Reprinted with permission from A Time for Healing: American Jewry Since World War II (Johns Hopkins University Press).
Of all American universities, none played a more significant role in Jewish scholarship than Brandeis University. Its distinguished faculty included Nahum Glatzer and Alexander Altmann, two of the world’s leading authorities on Jewish philosophy. Glatzer, until 1933 when he left Germany, had held the chair of Jewish philosophy and ethics at the University of Frankfurt previously occupied by Martin Buber. Altmann had been a rabbi in Berlin and a lecturer in the city’s Orthodox rabbinical seminary before he fled Germany in 1938. In the 1950s, when Glatzer and Altmann joined the Brandeis faculty, the university was less than 10 years old.
Brandeis’s meteoric rise to academic excellence was without parallel in the history of American education. The 107 students who made up Brandeis’s first class in 1948 had enrolled in an institution whose future was cloudy at best. Its campus in Waltham, Massachusetts, had previously housed Middlesex University, a defunct medical college, and its most imposing building resembled a medieval castle. The university began with a library containing only 1,000 books, mostly out-of-date medical texts. With only $33,000 in the bank, the institution’s financial condition appeared precarious.
Opposition to Jewish Universities
The founders of Brandeis, most of whom were from neighboring Boston, seemed to have embarked on a fool’s errand. There was no assurance that American Jews in the 1940s would be any friendlier to the idea of a Jewish university than they had been in the 1920s, when Yeshiva University announced plans to establish a liberal arts college.
At that time, the American Hebrew, the organ of the German Jewish establishment, described the idea of a Jewish college as a “preposterous proposition… fraught with harmful possibilities.” Such a proposal indicated “a lamentable lack of confidence in the justice and fair play of the American people.” Fortunately it was “not in any sense representative of the wishes of American Jewry.” Judaism did not require “cloistered walls or academic seclusion to retain its integrity.” Louis Marshall, the unofficial spokesman for the Jewish establishment, agreed. The establishment of a Jewish college, he predicted, would be “most unfortunate.”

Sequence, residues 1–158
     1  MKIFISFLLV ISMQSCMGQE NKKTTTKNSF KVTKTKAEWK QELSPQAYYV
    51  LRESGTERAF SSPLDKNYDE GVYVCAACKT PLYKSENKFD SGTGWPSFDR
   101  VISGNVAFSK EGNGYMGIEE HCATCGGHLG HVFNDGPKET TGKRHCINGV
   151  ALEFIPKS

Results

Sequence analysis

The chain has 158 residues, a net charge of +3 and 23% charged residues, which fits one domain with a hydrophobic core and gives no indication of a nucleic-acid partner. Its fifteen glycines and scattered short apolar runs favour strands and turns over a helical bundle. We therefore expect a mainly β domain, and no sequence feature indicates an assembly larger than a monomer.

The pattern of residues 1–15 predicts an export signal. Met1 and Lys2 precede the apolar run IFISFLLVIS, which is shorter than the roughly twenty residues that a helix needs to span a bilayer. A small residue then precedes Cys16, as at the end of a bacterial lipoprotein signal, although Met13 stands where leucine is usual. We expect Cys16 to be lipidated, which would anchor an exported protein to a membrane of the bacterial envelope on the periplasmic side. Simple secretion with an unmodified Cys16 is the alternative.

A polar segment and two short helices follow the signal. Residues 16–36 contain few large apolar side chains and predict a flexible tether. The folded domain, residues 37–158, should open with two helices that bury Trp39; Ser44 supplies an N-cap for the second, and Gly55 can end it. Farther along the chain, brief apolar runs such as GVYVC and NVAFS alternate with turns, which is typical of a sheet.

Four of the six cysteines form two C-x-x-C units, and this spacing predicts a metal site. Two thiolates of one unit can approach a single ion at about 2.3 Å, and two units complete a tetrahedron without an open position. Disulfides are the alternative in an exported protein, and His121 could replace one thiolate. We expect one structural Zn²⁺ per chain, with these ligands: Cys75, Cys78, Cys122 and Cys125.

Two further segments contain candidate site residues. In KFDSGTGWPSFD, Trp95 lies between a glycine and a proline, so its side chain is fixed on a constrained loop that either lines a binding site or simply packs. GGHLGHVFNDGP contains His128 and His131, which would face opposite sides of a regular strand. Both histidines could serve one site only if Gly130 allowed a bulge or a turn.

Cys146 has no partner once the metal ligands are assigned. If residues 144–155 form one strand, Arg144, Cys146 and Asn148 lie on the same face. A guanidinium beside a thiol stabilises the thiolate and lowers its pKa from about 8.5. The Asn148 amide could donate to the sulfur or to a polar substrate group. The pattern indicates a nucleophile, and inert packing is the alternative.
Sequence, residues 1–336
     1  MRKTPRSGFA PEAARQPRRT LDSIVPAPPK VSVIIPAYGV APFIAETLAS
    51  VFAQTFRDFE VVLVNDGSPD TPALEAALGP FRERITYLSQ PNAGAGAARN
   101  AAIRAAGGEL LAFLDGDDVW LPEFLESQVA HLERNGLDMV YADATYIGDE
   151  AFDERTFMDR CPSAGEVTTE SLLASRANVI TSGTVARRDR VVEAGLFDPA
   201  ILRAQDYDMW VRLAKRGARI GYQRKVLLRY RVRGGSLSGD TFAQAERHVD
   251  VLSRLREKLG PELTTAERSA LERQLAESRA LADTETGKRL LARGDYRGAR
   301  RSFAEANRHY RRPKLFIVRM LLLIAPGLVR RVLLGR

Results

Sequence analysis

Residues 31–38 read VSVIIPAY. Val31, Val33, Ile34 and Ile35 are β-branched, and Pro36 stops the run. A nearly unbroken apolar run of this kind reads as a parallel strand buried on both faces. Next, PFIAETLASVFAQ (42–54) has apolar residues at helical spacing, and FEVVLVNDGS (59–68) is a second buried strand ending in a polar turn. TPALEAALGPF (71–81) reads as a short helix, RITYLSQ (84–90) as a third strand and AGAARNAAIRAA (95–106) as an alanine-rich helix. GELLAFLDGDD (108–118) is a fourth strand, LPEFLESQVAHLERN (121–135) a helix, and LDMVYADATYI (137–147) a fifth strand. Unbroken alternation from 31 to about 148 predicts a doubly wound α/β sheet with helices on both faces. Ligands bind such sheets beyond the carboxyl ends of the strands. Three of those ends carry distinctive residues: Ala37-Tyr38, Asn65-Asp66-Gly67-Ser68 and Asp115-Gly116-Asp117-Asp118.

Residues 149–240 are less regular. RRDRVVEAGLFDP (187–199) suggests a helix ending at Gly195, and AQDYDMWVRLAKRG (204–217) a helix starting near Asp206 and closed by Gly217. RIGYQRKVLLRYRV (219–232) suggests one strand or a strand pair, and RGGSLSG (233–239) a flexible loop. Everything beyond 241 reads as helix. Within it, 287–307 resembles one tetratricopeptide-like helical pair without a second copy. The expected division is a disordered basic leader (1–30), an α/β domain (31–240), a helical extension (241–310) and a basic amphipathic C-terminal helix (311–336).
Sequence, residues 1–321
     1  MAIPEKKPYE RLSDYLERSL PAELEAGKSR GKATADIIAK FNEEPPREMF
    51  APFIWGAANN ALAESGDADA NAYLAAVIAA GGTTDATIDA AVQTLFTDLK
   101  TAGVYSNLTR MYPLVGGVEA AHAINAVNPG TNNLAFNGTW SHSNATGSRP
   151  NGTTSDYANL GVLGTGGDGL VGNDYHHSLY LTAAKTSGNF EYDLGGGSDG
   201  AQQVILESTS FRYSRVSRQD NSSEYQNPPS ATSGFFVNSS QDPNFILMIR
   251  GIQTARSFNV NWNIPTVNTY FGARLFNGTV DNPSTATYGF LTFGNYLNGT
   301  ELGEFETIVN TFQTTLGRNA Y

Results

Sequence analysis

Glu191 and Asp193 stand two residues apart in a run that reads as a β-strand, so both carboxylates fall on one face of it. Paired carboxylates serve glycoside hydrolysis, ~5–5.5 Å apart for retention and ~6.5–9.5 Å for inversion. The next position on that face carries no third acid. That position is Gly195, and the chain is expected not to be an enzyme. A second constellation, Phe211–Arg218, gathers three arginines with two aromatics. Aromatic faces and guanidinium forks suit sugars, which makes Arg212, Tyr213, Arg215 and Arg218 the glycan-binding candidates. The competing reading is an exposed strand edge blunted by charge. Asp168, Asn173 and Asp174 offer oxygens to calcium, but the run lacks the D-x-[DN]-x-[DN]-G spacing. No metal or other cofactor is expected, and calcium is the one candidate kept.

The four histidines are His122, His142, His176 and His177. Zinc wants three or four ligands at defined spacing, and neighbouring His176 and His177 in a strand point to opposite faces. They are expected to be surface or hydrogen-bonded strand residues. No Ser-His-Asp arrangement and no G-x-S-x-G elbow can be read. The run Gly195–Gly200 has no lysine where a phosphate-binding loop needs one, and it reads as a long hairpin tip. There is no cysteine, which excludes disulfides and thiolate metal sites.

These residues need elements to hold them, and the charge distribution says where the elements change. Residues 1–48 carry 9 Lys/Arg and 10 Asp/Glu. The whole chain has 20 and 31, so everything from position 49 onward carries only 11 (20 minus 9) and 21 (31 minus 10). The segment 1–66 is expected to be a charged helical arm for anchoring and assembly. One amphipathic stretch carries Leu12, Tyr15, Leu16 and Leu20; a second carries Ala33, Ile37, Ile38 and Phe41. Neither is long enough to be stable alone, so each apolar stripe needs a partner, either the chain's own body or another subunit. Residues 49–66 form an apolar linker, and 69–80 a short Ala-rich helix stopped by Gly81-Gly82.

Some opponents of Yeshiva College objected to the very idea of a Jewish college, while others opposed its control by Orthodox elements. For the latter, the name Yeshiva University was an oxymoron. Just as the British writer George Bernard Shaw had once described a Catholic university as a contradiction in terms, so they argued that an educational institution under Orthodox auspices would be too sectarian and narrow-minded to be a true university.
Most American Jews believed that Jewish collegians should not voluntarily isolate themselves from the rest of society by attending a Jewish university. This would impede their social and economic mobility and acculturation. Also, American Jews feared that the voluntary segregation of Jews in a Jewish university implied the acceptance of the inevitability of anti-Semitism in academia. From their perspective, it would be far better to destroy the anti-Semitic barriers preventing Jewish scholars from finding employment and Jewish students from attending elite institutions than to establish parallel institutions.
An Act of Faith
The establishment of Brandeis after the war was an act of faith by its founders in the willingness of wealthy Jews to support a university under Jewish auspices and in the school’s ability to attract students. Brandeis was founded at a difficult time for fund-raising. The first demands on Jewish philanthropy in the aftermath of World War II were refugee resettlement and support of the struggling Jewish community in Palestine. A Jewish university appeared to be a costly luxury. Also, there was no assurance that Jews, much less gentiles, would be attracted to an institution describing itself as nonsectarian but Jewish-sponsored.
Despite these potential problems, Brandeis’s early supporters proceeded with their plans. They justified it on the traditional grounds of providing an alternative for those Jews who had been rejected by other institutions because of anti-Semitism. Albert Einstein, an early friend of the Brandeis idea, contended that “under present circumstances, many of our gifted youth see themselves denied the cultural and professional education they are longing for.” This rationale, with its pessimistic assumptions regarding anti-Semitism in America, came at a time when anti-Semitism was actually declining in academia and elsewhere. Brandeis required a more positive justification if it was to get off the drawing board.